Over the years, I’ve navigated the business world with the belief that the person in front of me would want to tell their story. What I didn’t understand was that by focusing on them, I was limiting my own visibility. 

Many women share how hard it is for them to talk about themselves, either taking credit for their work or talking about their skills in the workplace. More often, we’re hoping people will notice our hard work – that our efforts and dedication will be rewarded.

I like how leadership coach Sally Helgeson articulates this in her blog, saying: “I have come to recognize that women with extraordinary skills are sometimes uncomfortable articulating their strengths.”

If you survey women leaders, you’ll hear it’s much easier for women to praise others than to tell others about the quality of their own work.

In my experience as a business leader and an executive leadership coach, it’s not always just women who struggle with this. It sometimes has to do with personality.

  • How comfortable are you putting yourself forward for consideration for projects or promotions?
  • Are you the first to raise your hand in a meeting or do you wait and hope to be called upon?
  • When was the last time you had a conversation with your boss and you spoke to your strengths?
  • In a performance review, have you ever countered constructive criticism with examples of your skills and accomplishments?

It’s tricky. No one wants to be the loudmouth who boasts and brags, but if you say nothing then you risk losing visibility. If you don’t advocate for yourself, what are the odds someone else will do that for you? It’s you who needs to make sure you’re visible to others and recognized as a valued contributor (not boastful and annoying!):

Here are 10 ways you can improve your visibility in the workplace:

  1. Network and build strong relationships within the organization. If people don’t know you and what value you bring, they can’t possibly think of you when opportunities come up.
  • Cultivate good working relationships with your peers as well as with the higher ups. Peers will continue to grow and possibly move up the ladder with you (or ahead of you!). Having peers as trusted allies will serve you and them throughout your career.
  • Use management meetings as a place to add ideas from your own past accomplishments on projects. If you’ve done similar work, remind the people the others about that conversationally. “Oh, that’s a similar challenge to the problem I tackled with a team for X project last spring. Perhaps we could consider x, y and z as a strategy for this.”
  • Use storytelling to highlight your skills and accomplishments. When we share information by telling a story, it’s more than just sharing details. Storytelling builds connections. “Remember when we thought we were going to lose X account? I reached out to marketing and creative and invited everyone to the table. We had some great ideas in a brainstorming session and then I pitched a new campaign idea to X account. They’re still with us.”
  • Contribute your ideas and opinions in meetings. It’s not about taking up airtime, it’s about adding value to the discussion. Don’t wait to be called on. Contributing in virtual meetings is arguably even more critical as it may be the only time people see or hear from you all week.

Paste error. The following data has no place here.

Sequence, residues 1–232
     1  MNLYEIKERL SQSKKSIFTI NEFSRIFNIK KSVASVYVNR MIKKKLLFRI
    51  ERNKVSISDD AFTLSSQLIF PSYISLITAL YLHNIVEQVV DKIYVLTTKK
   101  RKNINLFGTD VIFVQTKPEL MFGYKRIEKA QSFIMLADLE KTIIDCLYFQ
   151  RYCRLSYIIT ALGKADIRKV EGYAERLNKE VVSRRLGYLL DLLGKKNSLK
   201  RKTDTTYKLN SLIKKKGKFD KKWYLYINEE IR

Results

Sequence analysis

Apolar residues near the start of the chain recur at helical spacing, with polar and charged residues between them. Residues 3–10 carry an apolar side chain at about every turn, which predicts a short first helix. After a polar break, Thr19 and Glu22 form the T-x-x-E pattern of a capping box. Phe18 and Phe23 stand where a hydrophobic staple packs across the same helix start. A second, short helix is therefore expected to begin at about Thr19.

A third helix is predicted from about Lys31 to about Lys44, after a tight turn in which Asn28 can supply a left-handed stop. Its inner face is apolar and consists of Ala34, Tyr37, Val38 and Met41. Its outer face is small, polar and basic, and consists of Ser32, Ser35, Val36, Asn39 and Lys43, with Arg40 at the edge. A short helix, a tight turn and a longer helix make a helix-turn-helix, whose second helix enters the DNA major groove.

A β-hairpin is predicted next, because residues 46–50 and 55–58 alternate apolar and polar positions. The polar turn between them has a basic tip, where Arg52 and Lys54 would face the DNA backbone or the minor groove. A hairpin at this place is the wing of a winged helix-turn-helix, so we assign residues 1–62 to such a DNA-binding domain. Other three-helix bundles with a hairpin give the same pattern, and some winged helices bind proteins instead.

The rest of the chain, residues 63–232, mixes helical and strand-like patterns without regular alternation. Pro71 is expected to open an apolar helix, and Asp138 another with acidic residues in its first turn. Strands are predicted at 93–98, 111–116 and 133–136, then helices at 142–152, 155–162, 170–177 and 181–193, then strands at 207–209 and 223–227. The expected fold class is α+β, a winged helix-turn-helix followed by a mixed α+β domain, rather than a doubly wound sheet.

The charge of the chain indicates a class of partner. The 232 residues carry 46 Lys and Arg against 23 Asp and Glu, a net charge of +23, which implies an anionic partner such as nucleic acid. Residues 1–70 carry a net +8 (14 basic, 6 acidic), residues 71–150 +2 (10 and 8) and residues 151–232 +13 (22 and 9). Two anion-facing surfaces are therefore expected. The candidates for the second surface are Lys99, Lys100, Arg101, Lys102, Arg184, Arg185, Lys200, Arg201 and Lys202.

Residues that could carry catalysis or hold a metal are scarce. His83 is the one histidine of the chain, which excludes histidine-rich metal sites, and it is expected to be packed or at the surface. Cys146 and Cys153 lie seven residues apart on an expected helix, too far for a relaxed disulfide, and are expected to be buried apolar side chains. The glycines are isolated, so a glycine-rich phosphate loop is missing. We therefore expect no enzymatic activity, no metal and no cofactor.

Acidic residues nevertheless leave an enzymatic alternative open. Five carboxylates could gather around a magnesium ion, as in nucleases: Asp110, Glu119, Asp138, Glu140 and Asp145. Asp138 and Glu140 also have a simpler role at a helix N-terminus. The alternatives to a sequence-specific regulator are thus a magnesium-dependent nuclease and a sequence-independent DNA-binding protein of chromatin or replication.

• Put yourself forward for consideration when an opportunity that interests you arises. Don’t wait to be asked; raise your hand if you think you can take on a task or project. This can be way outside the comfort zone of some leaders, who prefer to be appointed. You might not get picked, but your chances are greater than if you sit on the sidelines. And you will get noticed!
  • Be true to who you are. No one likes a braggart. The key is to talk about your value and accomplishments through your authentic voice. Practice sharing ideas and saying positive things about your contributions in ways that are comfortable for you.  
  • Let others know what your team does and how they do it. Confident leaders give credit where credit is due. Sharing the contributions of your team members demonstrates you’re capable of putting together a good team that can accomplish great things – and that you recognize the importance of each person’s role and responsibilities. (Not to mention that everyone working for you will remember that you acknowledged their value – and you never know where they might go in their careers.) 
  • Understand how your boss likes to be kept apprised on your progress. Are you keeping your boss informed? Does your boss prefer email, face-to-face conversations or quarterly performance meetings? Figure out how and how often to communicate so that you find the sweet spot between too little information and annoying. Don’t assume they’re aware of your learning and wins.
  • Let your boss know your goal of increasing your visibility. Ask them for support and ideas. What are some things that have worked for them? Use time with your boss to talk about risks, ideas and potential outcomes. Be open and clear about sharing your perspective. Influence comes from having deeper conversations, which in turn highlights your visibility.

Being open and honest about who you are and what you bring to your role is key.

When I meet with potential clients, it’s important I share what I bring to the relationship. I use examples of success I’ve achieved and what my strengths are. Communicating about myself builds rapport and confidence in my ability to help them.

Think about what your “brand” is and get comfortable both infusing your values into your accomplishments and how that has led you to successfully leading.